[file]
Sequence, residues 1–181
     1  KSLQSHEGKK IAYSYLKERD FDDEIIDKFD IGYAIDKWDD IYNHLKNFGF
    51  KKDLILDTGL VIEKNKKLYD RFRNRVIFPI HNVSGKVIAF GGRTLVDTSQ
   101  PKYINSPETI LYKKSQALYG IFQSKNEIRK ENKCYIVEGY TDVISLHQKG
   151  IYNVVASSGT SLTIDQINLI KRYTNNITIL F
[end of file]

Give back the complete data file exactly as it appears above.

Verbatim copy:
Sequence, residues 1–181
     1  KSLQSHEGKK IAYSYLKERD FDDEIIDKFD IGYAIDKWDD IYNHLKNFGF
    51  KKDLILDTGL VIEKNKKLYD RFRNRVIFPI HNVSGKVIAF GGRTLVDTSQ
   101  PKYINSPETI LYKKSQALYG IFQSKNEIRK ENKCYIVEGY TDVISLHQKG
   151  IYNVVASSGT SLTIDQINLI KRYTNNITIL F